Category Archives: A&E

Learn about FC’s new arts directors

By Hannah Tarr and Abby Chovan

Assistant band director Briston Hatchell 

Number one fun fact He once auditioned for The Voice.
“It was just kind of on a whim. It’s very unlike me, I’ve never wanted to be on TV or anything, but for some reason I just had this idea of, ‘I’m going to go audition for The Voice.’ And it was interesting. I didn’t make it, it wasn’t televised, but it was interesting. It was in 2012.”
Birthday August 20, 1988
“It’s today (the day he was interviewed). It’s on my shirt, I think. ‘Established 1988.’ My mom got me this shirt, so I figured I’d wear it.”
Number of tattoos One
“Maybe more soon. Or eventually.”
Places he’s lived Here

Cincinnati, Ohio

Thibodaux, Louisiana

Columbus, Georgia

McAllen, Texas

Favorite holiday Christmas
“Probably a toss-up between Thanksgiving and Christmas. I really like the food of Thanksgiving- well, I’ll say Christmas because I just make the same food for Christmas.”
Favorite food Tacos/ Mexican food
“I could pretty much eat that all the time.”
Favorite book The Gone World by Tom Sweterlitsch
Favorite movie Snakes on a Plane
“I do have a birthday tradition that goes back to high school, so I’m going to put it here, which is watching Snakes on a Plane. In 2007, I think, on my birthday, yeah, we went to see Snakes on a Plane. So put Snakes on a Plane as my favorite. It’s a goofy movie. And the soundtrack is really good too.”
Favorite TV show Big Brother
“The reality TV show. It’s terrible, and horrible for you. It’s like the TV equivalent of eating candy, but that’s it.”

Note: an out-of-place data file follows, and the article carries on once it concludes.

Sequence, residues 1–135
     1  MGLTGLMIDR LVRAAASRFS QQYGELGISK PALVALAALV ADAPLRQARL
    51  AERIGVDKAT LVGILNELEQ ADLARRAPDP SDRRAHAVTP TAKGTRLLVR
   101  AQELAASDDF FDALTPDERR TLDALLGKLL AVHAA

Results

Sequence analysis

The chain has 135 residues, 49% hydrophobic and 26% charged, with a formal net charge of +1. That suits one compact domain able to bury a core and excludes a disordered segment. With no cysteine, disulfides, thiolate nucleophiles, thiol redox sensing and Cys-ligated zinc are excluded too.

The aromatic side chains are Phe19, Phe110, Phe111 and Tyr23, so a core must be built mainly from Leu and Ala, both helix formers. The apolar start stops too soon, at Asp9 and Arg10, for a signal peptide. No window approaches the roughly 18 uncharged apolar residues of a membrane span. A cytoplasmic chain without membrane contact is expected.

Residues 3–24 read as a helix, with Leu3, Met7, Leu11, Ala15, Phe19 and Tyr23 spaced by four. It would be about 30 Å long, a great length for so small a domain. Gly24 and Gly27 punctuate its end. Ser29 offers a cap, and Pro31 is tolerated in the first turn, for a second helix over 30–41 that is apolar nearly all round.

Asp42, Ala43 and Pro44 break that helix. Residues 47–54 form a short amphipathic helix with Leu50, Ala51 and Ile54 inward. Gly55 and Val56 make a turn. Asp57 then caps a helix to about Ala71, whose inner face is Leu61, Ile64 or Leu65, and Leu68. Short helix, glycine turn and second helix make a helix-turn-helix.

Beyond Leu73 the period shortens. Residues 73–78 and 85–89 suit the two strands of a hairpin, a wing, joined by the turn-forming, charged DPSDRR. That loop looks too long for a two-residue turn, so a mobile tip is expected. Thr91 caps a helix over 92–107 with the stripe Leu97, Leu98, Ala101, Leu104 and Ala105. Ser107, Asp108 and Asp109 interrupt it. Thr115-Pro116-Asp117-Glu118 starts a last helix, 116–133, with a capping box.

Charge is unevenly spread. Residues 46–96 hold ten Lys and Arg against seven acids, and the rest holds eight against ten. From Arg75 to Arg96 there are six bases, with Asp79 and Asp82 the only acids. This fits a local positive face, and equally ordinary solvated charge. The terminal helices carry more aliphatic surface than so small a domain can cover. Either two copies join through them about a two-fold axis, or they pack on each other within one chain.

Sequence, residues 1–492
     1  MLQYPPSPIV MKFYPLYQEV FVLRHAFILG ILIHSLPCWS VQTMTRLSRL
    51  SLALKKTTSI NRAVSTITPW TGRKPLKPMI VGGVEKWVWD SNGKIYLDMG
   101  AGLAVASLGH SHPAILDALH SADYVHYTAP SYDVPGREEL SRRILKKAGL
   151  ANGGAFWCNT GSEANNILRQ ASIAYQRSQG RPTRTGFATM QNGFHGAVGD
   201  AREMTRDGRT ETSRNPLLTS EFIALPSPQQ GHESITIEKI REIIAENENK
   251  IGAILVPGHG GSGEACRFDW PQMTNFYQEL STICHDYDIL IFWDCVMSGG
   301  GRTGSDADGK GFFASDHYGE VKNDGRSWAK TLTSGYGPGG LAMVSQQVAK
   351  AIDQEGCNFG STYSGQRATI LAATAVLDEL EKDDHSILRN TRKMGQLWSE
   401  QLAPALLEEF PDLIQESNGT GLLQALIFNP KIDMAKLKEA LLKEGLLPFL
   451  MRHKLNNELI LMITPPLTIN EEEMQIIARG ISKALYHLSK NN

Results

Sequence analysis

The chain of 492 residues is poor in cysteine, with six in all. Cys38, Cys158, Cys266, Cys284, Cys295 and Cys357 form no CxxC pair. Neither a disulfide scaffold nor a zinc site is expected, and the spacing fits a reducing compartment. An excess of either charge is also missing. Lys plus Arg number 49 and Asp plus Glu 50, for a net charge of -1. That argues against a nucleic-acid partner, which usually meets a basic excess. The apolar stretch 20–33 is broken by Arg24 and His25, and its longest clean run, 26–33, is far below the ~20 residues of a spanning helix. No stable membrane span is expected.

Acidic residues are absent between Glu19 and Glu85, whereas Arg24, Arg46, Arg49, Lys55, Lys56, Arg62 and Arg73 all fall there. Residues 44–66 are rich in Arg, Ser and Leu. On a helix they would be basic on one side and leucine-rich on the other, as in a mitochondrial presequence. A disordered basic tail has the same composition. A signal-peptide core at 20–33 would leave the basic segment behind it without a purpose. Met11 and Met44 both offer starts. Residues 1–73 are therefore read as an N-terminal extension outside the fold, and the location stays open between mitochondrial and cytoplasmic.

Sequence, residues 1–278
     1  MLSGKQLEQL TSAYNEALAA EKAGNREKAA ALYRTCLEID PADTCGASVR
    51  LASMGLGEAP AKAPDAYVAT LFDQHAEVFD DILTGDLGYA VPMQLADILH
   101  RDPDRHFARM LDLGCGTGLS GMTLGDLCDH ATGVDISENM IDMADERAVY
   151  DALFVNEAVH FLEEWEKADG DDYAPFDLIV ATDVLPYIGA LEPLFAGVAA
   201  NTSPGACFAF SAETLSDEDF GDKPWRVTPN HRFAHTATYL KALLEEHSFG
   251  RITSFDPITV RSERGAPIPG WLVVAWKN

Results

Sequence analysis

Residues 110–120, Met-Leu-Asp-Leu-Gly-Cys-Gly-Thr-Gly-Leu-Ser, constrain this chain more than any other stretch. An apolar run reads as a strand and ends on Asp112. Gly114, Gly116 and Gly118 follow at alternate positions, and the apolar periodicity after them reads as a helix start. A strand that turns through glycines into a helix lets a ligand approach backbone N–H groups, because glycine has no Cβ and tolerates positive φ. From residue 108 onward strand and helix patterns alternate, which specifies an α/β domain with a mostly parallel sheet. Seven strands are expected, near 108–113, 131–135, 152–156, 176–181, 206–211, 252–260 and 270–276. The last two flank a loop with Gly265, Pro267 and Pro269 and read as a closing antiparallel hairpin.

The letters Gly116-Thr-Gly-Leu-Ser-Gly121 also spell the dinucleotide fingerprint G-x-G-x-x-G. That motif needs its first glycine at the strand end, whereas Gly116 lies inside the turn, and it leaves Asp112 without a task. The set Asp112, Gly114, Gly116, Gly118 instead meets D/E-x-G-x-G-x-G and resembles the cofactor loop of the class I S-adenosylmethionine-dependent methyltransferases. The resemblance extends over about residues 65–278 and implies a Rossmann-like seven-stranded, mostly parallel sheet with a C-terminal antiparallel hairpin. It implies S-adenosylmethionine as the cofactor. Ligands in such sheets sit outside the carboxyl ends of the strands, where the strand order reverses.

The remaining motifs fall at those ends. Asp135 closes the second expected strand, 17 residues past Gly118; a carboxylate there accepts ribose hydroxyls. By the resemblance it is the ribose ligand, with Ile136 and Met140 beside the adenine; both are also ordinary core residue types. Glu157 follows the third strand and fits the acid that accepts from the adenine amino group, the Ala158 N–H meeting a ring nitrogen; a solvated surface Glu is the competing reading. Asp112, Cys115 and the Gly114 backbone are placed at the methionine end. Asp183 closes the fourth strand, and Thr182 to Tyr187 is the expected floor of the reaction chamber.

Favorite drum corps Carolina Crown
“Well, I have to say Carolina Crown. I have to.”
Role model His mom
“She’s always taught me to follow my passion and work hard at whatever it is, and she’s never let me take the easy way out.”
Movie of his life would be called Goofy Socks
“I wear goofy socks all the time. I like to stand out in weird ways like that, like I don’t want to wear a goofy shirt, but I like to stand out in the subtle ways like socks.”
Life motto Strike a match, hope it lasts.
“It’s a Less than Jake song lyric.”


Technical director Jared Willis

Number one fun fact His first and only time acting onstage was during Celtic Dreams, as the Fairy King. He wore a morph suit and a dance belt and had to dance around under the black lights.
“You could see my entire butt.”
Birthday November 16, 1994
Number of tattoos Two
“How many do you see?”
Places he’s lived Here
“I am a resident of this area. Born and raised.”
Favorite holiday Christmas
“Yesterday was National Chicken Wing Day. And Cowboy, and Lipstick… the holy trinity.”
Favorite food Salmon
“I’m trying to move away from red meat.”
Favorite book The Lord of the Rings
Favorite movie Pirates of the Caribbean
Favorite theatre show Les Miserables
Favorite TV show Game of Thrones, or Parks and Rec
Role model His father
“You know, there’s so many individuals who have just taught me so much about my life. It’s hard to just pin on one single individual. But there are just countless figures from history that I constantly look to for inspiration. FDR, Eleanor Roosevelt, are two that come to mind. But really, if I think I was going to say my one personal role model, it would be my father.”